Harvey Finkle’s photographs illustrate the daily lives and capture the intense spirit of those members of our society who can often go unnoticed—the homeless child, the returning prisoner, the unpaid worker, the deaf culture activist, all find a place on the other side of Finkle’s lens. Scroll through the images on his site and you can’t help but come away with a broader vision of what it means to be an American.
A particular area of Finkle’s focus is immigration, and in 2000, as the “commotion” as he calls it, over the issue began to grow across the country, he set out on a long term project to document the lives of ten immigrant families making their way in their new world. Their countries of origin were dissimilar—Ethiopia, Jamaica, Indonesia, Guatemala, Lebanon, Peru, Russia, Sierra Leone, Cambodia and India, but the experiences of assimilation profiled in his Philadelphia Mosaic series were in many ways the same.
Fifteen years later, the country continues its long conversation over immigration, and although still armed with his Leica M6s, Finkle’s continuing quest to document that conversation is more a celebration of what is going to be the country’s future. In his current work, he photographs families who live specifically in the South Philadelphia section of the city. The neighborhood has already been home to an array of immigrant populations in the two hundred years since the country’s founding, but those populations are steadily changing. The people raising their children in the red brick and stucco-sided row houses of South Philly are no longer coming just from Europe, they are coming from everywhere. And their arrival is proof that the country has not only become economically globalized, it is now ethnically globalized as well.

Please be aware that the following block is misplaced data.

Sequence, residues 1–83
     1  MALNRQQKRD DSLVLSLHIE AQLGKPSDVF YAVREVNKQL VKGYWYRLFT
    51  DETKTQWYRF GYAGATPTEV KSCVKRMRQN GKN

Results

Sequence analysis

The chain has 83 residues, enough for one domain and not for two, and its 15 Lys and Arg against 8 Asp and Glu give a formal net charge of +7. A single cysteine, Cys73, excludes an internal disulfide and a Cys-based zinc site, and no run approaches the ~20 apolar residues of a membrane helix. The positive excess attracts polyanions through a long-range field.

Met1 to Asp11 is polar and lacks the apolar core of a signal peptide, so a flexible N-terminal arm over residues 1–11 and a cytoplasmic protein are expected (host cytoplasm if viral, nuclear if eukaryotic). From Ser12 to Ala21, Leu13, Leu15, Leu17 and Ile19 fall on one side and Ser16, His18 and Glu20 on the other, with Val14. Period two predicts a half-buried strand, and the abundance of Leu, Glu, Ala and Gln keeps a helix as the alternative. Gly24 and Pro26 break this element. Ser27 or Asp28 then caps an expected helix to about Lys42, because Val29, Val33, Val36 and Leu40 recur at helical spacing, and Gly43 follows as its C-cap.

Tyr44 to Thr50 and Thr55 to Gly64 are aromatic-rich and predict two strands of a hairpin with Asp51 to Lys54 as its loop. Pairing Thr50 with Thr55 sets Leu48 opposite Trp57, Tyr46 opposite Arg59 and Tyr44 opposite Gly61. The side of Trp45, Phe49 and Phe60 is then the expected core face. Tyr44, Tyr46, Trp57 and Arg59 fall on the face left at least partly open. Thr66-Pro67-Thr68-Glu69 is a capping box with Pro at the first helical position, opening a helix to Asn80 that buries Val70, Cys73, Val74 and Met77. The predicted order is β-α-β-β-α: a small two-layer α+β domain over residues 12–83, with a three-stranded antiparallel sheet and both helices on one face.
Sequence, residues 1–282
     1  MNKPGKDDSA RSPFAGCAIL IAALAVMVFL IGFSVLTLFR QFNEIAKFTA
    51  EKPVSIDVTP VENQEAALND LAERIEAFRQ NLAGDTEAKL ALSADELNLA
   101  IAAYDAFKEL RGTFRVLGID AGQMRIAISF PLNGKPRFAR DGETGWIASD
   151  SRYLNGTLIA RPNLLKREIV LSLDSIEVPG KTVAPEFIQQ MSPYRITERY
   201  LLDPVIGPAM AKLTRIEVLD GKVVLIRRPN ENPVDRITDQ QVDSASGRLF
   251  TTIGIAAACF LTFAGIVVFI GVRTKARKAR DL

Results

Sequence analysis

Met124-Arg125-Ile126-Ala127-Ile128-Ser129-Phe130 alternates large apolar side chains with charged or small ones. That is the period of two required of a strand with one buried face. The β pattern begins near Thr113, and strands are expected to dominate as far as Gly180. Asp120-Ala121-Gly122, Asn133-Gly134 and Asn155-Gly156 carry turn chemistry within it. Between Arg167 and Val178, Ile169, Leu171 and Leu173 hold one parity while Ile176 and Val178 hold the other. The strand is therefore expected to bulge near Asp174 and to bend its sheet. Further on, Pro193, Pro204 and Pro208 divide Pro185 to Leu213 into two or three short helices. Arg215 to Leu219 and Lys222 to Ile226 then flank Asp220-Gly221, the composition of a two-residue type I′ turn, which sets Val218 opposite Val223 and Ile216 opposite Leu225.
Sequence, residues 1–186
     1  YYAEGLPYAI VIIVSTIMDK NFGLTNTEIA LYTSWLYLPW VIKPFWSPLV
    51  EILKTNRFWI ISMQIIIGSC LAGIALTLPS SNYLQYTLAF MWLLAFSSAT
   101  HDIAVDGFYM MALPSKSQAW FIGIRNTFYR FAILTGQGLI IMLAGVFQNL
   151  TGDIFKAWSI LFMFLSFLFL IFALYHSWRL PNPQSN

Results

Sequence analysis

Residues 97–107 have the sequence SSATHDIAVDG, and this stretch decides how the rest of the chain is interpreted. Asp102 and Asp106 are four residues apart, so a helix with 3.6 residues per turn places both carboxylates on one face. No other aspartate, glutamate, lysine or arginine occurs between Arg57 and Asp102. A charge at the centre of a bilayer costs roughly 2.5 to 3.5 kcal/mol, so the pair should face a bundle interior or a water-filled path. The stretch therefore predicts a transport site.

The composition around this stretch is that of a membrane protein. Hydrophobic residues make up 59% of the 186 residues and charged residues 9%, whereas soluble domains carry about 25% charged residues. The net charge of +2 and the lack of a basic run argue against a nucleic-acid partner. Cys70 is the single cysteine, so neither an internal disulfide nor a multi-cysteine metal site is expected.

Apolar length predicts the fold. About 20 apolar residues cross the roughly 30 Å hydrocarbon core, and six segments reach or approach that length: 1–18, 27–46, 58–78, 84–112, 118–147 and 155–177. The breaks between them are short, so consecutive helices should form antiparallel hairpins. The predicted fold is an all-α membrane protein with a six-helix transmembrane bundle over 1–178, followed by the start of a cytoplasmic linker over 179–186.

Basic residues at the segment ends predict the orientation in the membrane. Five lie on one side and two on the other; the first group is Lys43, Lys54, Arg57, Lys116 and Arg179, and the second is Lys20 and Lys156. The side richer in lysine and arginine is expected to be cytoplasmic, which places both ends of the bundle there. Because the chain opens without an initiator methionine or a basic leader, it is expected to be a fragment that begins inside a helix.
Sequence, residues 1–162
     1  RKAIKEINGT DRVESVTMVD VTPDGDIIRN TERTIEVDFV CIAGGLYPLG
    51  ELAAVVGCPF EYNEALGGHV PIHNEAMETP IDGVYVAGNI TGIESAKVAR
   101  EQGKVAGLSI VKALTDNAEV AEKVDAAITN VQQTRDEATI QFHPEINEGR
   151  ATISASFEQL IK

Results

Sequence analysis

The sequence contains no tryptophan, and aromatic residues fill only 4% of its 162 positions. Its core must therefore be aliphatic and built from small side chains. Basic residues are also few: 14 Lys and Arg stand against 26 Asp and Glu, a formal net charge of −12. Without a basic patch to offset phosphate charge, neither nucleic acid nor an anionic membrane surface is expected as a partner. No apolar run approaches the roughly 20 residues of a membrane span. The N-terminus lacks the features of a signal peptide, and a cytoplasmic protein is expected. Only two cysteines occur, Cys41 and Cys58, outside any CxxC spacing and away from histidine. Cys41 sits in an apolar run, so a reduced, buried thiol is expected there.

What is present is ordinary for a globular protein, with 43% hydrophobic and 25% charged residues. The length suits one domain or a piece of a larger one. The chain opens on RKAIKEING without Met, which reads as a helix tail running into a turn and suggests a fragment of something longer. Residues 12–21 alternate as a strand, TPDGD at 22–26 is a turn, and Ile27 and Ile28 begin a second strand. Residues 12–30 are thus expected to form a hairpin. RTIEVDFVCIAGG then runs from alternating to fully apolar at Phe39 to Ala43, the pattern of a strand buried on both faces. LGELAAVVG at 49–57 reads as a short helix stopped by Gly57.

“I decided that I wanted to deal with the fact that here in South Philadelphia it was the original destination for Italians, Jews and Irish who had all come years before, and that by 2000 the new immigrants were no different in any way other than complexion. They wanted to be safe, to practice their religion, to educate their kids, and to make a buck… And at that point, any city you went to was ethnically globalized, so my thing was, let’s get over it and get on with life.”
Finkle’s photographs capture the moments in which an ancient culture slams up against a modern world, and show us what it means to try to acclimate to new experiences and traditions, while celebrating and protecting those of your former home. The images could not be more varied. In them, a young Lebanese man sports an I Love NY T-shirt, a Peruvian child stands on his front stoop, clutching a Batman action figure, a Sikh man in a white headdress hurls a bowling ball down a lane. Each of Finkle’s photographs stands alone as a singular American story, illuminating just what assimilation looks like, and even more than that, what it feels like. For those of us who know nothing of that experience, Finkle’s work gives us a glimpse into what we otherwise might easily have missed.